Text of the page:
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Safety first

July 17,2017
South Korea’s legal minimum wage next year will jump 16.4 percent to 7,530 won ($6.64) per hour. A tripartite panel representing the government, labor and employers passed a revised wage floor in the biggest gain in 17 years. Next year’s rise exceeds the average annual gain needed to meet the new administration’s goal to hoist up the legal wage base to 10,000 won by 2020.

The repercussions on the local economy cannot be immediately assessed. But the steep rise in minimum wage could bring about an expansive and deep shockwave to a domestic economy with a high concentration of self-employed businesses such as mom-and-pop stores. Many of the self-employed and small vendors will go out of business if they cannot afford their labor costs. According to Hana Financial Investment, the income of those running franchise convenient stores could decline 9 percent, assuming revenue rises by 2 percent.

The toll could also be heavy on workers. Jobs could become scarcer. According to a study by Seoul National University professor Lee Jung-min, when minimum wage goes up 10 percent, full-time employment will fall by 1.4 percent. Workplaces with 29 or fewer employees will likely make cuts. The smaller a business, the bigger the burden. To cushion the shock, the deputy prime minister for the economy, Kim Dong-yeon, held an economic cabinet meeting on Sunday and decided to spend over 3 trillion won to subsidize workplaces with less than 30 employees over the next five years.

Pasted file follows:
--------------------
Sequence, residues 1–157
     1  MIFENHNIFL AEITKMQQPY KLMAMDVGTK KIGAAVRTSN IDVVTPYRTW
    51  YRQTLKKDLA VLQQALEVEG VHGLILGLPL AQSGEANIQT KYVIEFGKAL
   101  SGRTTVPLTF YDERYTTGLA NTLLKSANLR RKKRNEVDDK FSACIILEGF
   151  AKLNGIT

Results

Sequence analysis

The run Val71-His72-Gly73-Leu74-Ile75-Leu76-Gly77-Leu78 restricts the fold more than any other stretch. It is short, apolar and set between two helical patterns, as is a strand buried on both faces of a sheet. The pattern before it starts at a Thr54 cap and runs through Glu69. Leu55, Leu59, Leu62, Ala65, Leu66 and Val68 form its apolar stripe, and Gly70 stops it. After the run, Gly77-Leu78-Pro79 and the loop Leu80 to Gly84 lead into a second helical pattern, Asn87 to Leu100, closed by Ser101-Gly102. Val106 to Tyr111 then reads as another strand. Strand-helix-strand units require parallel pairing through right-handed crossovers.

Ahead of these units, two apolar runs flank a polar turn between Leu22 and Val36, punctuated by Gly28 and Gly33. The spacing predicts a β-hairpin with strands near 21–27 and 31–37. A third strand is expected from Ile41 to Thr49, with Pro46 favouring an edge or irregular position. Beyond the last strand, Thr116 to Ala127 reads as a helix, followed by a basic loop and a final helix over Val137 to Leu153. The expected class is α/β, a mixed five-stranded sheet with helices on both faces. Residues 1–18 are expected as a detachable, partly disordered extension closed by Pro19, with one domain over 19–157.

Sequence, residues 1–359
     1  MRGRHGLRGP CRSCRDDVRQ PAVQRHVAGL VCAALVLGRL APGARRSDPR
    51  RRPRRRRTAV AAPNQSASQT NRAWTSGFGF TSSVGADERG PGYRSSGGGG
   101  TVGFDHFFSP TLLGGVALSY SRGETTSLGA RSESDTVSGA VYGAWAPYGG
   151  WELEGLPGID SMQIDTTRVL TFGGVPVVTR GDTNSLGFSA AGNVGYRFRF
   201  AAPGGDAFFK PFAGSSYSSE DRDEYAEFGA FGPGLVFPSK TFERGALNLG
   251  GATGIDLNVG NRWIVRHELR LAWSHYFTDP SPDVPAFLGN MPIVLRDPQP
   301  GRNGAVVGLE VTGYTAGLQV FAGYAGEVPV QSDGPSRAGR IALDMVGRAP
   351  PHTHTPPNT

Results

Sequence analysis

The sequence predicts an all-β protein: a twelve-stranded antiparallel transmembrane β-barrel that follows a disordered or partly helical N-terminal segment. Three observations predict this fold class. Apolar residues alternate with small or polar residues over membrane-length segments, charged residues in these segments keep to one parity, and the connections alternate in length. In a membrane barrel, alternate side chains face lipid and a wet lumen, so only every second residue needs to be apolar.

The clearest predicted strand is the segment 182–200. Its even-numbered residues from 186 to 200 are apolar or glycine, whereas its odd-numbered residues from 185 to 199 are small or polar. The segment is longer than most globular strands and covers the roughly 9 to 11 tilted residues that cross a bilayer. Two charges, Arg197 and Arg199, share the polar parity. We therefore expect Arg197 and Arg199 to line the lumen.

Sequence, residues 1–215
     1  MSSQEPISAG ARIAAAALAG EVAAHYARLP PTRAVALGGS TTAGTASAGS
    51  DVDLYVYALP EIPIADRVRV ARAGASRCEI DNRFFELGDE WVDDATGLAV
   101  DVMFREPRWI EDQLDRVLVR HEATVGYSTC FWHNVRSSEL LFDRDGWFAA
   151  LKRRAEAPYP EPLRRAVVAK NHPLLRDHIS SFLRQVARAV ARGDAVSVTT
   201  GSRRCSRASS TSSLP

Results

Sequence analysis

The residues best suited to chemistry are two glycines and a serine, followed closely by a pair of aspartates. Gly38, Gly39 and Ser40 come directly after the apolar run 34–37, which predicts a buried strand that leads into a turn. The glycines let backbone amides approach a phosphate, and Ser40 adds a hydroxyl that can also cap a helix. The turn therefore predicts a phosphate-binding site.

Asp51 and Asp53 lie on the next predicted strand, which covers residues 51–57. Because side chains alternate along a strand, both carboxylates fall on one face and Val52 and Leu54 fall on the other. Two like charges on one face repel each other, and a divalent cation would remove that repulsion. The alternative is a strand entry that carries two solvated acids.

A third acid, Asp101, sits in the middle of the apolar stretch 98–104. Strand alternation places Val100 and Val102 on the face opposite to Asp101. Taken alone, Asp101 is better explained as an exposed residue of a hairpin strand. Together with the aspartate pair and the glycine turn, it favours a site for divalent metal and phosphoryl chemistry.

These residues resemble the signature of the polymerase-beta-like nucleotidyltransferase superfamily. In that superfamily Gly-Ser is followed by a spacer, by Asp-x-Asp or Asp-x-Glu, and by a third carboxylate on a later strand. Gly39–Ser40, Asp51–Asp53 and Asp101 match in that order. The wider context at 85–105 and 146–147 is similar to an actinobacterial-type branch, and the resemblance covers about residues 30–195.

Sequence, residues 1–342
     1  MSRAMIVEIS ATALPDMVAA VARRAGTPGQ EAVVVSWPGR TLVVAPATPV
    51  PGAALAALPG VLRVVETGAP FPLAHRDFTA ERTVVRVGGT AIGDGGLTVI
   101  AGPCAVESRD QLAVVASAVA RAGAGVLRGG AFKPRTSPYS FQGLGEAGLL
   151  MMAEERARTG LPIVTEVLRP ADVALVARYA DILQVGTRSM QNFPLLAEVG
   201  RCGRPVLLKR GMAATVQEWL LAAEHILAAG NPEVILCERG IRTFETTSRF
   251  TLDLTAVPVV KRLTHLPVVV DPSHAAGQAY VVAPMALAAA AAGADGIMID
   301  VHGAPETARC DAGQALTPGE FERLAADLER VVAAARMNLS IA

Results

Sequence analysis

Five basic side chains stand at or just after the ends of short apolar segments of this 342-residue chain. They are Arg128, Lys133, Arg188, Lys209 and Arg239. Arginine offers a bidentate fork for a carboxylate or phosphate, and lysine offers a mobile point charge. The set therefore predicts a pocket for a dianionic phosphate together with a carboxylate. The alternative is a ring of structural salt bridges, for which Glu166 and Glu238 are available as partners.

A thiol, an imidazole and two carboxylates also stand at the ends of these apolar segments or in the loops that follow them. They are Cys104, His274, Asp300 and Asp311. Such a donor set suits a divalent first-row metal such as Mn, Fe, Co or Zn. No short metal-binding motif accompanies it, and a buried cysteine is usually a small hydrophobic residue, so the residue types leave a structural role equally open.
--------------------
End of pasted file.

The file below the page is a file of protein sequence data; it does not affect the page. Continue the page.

The government will increase social insurance fees for apartment guards and others living off minimum wage and lower credit card servicing fees of around 2.0 percent to 1.3 percent for vendors who have revenue less than 500 million won, and 0.8 percent for those with less than 300 million won.

Yet the positive effect from the hike in minimum wage remains questionable. Government data shows that the income of the bottom-bracket takes up 14 percent of all household income. A higher wage floor will not help narrow the gap between the rich and the poor. Instead, higher wages will lead to inflation. The spike in labor cost will lead to higher costs for suppliers, subcontractors and franchisees. The government must take care that its experimental policies do not lead to a lab explosion.

JoongAng Ilbo, July 17, Page 30